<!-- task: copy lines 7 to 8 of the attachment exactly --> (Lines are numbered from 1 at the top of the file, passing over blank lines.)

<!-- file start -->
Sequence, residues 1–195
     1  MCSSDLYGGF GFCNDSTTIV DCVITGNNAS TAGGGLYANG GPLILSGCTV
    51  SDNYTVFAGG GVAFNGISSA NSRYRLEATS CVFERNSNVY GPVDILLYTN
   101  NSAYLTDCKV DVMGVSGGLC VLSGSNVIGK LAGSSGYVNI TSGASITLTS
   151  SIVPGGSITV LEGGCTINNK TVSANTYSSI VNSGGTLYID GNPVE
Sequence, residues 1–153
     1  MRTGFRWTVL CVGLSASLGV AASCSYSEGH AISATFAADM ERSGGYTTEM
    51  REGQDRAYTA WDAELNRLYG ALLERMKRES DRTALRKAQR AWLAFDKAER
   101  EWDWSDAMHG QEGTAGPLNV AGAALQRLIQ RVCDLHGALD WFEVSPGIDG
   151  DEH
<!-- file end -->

     1  MRTGFRWTVL CVGLSASLGV AASCSYSEGH AISATFAADM ERSGGYTTEM
    51  REGQDRAYTA WDAELNRLYG ALLERMKRES DRTALRKAQR AWLAFDKAER